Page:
Twice a year hundreds of people gather outside of the LDS Conference Center in Salt Lake City — not to attend sessions but to either protest or sing.
Protesters against the LDS faith gather to share their opinions, and some members of the Church gather together to sing hymns while their fellow members file into the Conference Center. The Salt Lake City police department and city chair protect both groups’ freedom of speech. The First Amendment allows both the protestors and the members of the Church to freely express how they feel.
Ryen Schlegel, the Salt Lake City special event coordinator, issues permits to protestors and the Church every year prior to the LDS General Conferences.
“Basically, freedom of speech is a First Amendment right,” Schlegel said. “You have a right to be able to protest, and you don’t necessarily need a permit to do so. But getting a permit secures your spot and makes it official.”
In order to buy a permit for a specific location the protestors or organization must apply, pay $5 and have their protest or presentation reviewed by the city committee, which decides whether or not to issue a permit. The police department sits on the board and seeks to protect protestors’ freedom of speech. If a group is granted a protesting permit, it has the right to be at the designated spot.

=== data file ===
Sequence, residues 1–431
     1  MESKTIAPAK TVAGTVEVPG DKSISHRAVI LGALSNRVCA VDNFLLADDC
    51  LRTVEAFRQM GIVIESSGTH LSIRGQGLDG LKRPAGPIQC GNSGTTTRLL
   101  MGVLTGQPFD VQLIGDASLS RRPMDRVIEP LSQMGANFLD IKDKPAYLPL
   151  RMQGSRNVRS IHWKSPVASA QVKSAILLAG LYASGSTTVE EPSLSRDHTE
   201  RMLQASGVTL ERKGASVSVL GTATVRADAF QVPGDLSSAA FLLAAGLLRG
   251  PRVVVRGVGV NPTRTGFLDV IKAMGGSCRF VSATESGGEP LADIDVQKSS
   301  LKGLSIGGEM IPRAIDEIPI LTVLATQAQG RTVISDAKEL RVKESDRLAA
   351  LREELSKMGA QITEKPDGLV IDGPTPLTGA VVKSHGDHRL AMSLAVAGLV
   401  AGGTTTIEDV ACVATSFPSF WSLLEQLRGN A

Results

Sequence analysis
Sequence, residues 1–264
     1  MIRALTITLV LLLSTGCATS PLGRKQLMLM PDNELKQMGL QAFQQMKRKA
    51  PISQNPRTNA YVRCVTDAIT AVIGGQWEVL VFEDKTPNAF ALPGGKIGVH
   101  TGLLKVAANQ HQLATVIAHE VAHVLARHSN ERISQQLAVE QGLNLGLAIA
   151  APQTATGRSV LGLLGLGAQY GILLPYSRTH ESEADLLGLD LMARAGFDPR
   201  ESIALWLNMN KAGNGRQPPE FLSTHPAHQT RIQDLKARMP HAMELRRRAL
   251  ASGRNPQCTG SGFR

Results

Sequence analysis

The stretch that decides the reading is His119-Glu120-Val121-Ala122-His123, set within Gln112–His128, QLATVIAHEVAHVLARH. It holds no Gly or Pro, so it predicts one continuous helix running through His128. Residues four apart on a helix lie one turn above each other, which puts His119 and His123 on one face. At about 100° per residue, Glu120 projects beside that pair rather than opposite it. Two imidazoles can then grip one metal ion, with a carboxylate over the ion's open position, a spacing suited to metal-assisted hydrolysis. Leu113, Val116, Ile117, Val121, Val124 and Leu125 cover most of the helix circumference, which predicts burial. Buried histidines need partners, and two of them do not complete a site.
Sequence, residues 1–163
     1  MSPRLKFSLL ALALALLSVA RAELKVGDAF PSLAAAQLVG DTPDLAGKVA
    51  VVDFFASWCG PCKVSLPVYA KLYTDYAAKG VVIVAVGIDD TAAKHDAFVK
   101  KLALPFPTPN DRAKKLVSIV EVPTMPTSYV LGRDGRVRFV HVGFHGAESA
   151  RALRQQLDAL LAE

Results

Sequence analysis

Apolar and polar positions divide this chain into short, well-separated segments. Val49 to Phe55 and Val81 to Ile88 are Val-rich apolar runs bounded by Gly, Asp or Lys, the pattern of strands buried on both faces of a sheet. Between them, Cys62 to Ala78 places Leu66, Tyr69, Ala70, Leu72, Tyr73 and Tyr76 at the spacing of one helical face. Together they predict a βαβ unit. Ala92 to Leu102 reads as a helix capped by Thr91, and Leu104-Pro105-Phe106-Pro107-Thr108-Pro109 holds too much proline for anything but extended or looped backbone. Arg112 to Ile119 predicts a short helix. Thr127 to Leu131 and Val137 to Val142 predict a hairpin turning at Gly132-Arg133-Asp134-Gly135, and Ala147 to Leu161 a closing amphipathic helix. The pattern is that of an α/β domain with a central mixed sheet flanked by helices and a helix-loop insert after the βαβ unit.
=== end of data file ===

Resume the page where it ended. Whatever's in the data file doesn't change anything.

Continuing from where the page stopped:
“You don’t need a permit, but it is a simple way to manage the protests,” Schlegel said.
Schlegel also debunked a Mormon myth about whether or not other faiths have purchased protest spots in the past so the Church will not face as many protestors.
“Blocking other people from getting a permit to express their opinion is illegal,” Schlegel said. “If you said you are going to be at the spot you registered for, you have to be there, or else it is illegal.”
Every year the Church also receives permits for areas around the Conference Center. The Church uses its protest areas for stakes all around Utah to have the opportunity to participate in hymn-singing. Matthew Robins, stake choir director for the Alpine Young Single Adults Stake, has participated in these singing events twice.
“When we were singing we had people walking through us and all around us,” Robins said. “Protestors were all shouting at us, but you can’t hear the traffic or the protestors — only the hymns being sung. There is a huge interaction between those singing the hymns and the protestors — but the hymns are a stark difference to the voices of the protestors.”
The Church takes every spare spot where protestors don’t set up. Protestors are usually on the left of the north visitor center at Temple Square, and the hymn singers are on the right.